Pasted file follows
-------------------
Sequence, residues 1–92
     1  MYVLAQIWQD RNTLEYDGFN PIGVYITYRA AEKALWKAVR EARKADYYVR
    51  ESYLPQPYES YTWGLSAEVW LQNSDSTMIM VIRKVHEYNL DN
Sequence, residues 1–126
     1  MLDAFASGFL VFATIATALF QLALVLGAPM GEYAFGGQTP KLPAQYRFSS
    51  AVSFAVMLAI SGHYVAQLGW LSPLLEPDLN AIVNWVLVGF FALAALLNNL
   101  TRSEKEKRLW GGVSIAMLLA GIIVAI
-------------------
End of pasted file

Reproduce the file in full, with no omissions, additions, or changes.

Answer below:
Sequence, residues 1–92
     1  MYVLAQIWQD RNTLEYDGFN PIGVYITYRA AEKALWKAVR EARKADYYVR
    51  ESYLPQPYES YTWGLSAEVW LQNSDSTMIM VIRKVHEYNL DN
Sequence, residues 1–126
     1  MLDAFASGFL VFATIATALF QLALVLGAPM GEYAFGGQTP KLPAQYRFSS
    51  AVSFAVMLAI SGHYVAQLGW LSPLLEPDLN AIVNWVLVGF FALAALLNNL
   101  TRSEKEKRLW GGVSIAMLLA GIIVAI